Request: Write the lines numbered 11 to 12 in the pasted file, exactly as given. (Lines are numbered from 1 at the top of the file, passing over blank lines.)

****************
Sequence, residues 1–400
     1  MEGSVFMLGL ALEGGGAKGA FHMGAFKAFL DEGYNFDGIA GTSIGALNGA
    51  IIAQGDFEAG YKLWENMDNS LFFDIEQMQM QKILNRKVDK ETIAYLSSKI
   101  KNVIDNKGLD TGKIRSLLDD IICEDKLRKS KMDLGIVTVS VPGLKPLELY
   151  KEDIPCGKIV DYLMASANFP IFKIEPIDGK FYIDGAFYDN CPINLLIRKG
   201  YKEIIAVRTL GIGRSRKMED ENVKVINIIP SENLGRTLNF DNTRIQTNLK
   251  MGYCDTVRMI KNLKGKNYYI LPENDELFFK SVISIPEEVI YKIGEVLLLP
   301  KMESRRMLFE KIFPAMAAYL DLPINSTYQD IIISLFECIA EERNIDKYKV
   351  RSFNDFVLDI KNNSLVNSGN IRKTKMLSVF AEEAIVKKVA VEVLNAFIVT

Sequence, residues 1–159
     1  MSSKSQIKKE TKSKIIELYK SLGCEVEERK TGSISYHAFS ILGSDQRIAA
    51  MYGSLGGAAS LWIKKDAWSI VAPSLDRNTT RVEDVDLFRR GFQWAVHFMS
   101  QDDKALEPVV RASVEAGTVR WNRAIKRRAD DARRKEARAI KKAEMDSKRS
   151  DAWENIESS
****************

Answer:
     1  MSSKSQIKKE TKSKIIELYK SLGCEVEERK TGSISYHAFS ILGSDQRIAA
    51  MYGSLGGAAS LWIKKDAWSI VAPSLDRNTT RVEDVDLFRR GFQWAVHFMS